Thursday, September 8, 2011

Melatonin as Cancer Treatment

For my other cancer tale today we have this item that argues in favor of melatonin.  While it is not an outright cure, it is clearly able to slow the progress of the disease.  That it is not universally prescribed on diagnosis along with other similar agents as applicable is bad medicine.  The rush to attack the disease has always placed actual supporting therapies in the back seat.

Yet simply stalling the disease, strengthening the immune system and ensuring a full spectrum of nutrient support seems to be the absolute first step everyone should engage in.

In fact, much of the anecdotal stories received over the years about health restoration of cancer victims can be associated with following the steps described in the last paragraph. 

Another comment I would like to make.  It is that all recommendations of dosage levels that find its way into print err grossly on the low side.  In short, they cannot always be trusted to be sufficient for your personal needs.  Instead, read what you can about the toxology of the substance and then slowly step up the dosage to a level that is clearly sufficient to even excessive.

I have done this with Vitamins C and D in order to reach convincing biological numbers.

Do not be scared to take the dosage up to a level in which side effects show up and then back off.  Melatonin will interfere with your sleep in high enough doses.

How and why melatonin is an effective cancer treatment

Wednesday, September 07, 2011 by: Connie Strasheim


(NaturalNews) Numerous studies have established melatonin as one of the most effective anti-cancer treatments in existence. It inhibits cancer cell growth and proliferation; it destroys cancer cells, stops angiogenesis (new tumor blood vessel growth), and prevents harmful forms of estrogen from stimulating cancer cell growth. Despite its success in clinical trials and in doctors' experiences with their patients, it has not been widely prescribed in conventional medicine, though its effects have proven to be superior to those of many chemotherapeutic drugs.

In one clinical trial, patients with glioblastoma, a type of brain cancer, were given either radiation and melatonin, or radiation alone. Twenty-three percent of the patients who took the melatonin were alive after a year, while none who had received only radiation were still alive. Similarly, in another study by oncologists in Italy, patients with non-small cell lung cancers who had failed chemotherapy were given melatonin. They were compared with other patients with non-small cell lung cancers who weren't given melatonin. A year later, 26 percent of the patients who had taken melatonin were still alive; whereas, none in the non-melatonin group remained alive.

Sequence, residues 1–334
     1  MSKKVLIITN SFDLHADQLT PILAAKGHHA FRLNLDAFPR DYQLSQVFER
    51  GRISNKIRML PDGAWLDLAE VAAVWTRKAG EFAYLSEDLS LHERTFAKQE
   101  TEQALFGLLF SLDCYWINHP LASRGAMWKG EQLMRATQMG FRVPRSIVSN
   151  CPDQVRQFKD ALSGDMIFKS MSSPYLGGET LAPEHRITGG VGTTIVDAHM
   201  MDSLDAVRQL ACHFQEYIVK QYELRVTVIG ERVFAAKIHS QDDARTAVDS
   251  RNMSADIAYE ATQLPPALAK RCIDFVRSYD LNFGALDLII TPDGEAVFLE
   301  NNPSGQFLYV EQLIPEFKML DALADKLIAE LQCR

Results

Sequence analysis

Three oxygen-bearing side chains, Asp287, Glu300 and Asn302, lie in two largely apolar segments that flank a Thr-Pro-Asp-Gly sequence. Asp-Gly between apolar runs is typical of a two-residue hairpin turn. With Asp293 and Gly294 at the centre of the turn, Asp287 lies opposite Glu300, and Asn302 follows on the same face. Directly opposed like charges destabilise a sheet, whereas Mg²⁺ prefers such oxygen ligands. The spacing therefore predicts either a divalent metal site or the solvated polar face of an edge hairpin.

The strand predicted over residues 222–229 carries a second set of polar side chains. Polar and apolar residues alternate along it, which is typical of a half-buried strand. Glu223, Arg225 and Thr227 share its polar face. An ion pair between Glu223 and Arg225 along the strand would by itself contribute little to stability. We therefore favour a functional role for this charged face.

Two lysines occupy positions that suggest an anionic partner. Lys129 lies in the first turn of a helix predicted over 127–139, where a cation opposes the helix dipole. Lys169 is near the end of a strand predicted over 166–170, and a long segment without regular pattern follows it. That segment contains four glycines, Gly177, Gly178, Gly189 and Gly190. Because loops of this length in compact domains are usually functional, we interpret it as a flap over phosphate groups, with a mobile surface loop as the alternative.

Studies have also revealed melatonin to be more effective for treating pancreatic and lung cancers than a drug commonly used to treat these types of cancers. What's more, this drug may cost more than $4,000 per month, while twenty milligrams of melatonin cost approximately $11 per month.

Melatonin functions to destroy cancer in multiple ways. First, because it is toxic to cancer cells, it induces apoptosis, or cancer cell auto-destruction, as well as directly kills cancer cells. It also slows tumor growth through a variety of mechanisms, such as by inhibiting epidermal growth factor receptors on cancer cells. Epidermal growth factors play an important role in cancer cell growth and proliferation, so blocking their receptors on cancer cells prevents them from carrying out these roles.
Melatonin also stimulates the immune system and increases the cancer-killing activity of macrophages, monocytes, natural killer cells, T-helper cells and eosinophils, all of which
are involved in cancer cell destruction.

Additionally, melatonin inhibits angiogenesis (new tumor blood vessel creation) from existing blood vessels. Tumors get their nutrition through blood vessels, and as they grow, they require an increasingly greater supply of blood vessels to feed themselves. Preventing new blood vessel growth limits their food intake and causes them to shrink or stop growing.

Melatonin has properties which enable it to block the effects of estrogen upon cancer cells; this is important because certain forms of estrogen stimulate the growth of hormonally-influenced cancers, such as breast, endometrial, ovarian and uterine cancers.

Finally, as an antioxidant, melatonin reduces inflammation, a condition that enables cancer's survival, and it scavenges free radicals so that they don't damage normal cells and make them vulnerable to further genetic mutations.

Despite these favorable statistics, melatonin is seldom recommended to patients in conventional medicine because the laws which govern the practice of medicine are drastically influenced by pharmaceutical interests, which prevent doctors from recommending it to their patients in lieu of expensive, damaging chemotherapy drugs. It is, however, an effective natural treatment that not only helps to prevent cancer, but which also plays an integral role in healing the body from it.


Martin Dayton, et al. Defeat Cancer: 15 Doctors of Integrative and Naturopathic Medicine Tell You How. BioMed Publishing Group, May 2011

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armouris said...

more info on melatonin here - Melatonin - Good or Bad?

dehydration said...

This melatonin posting, completely useful..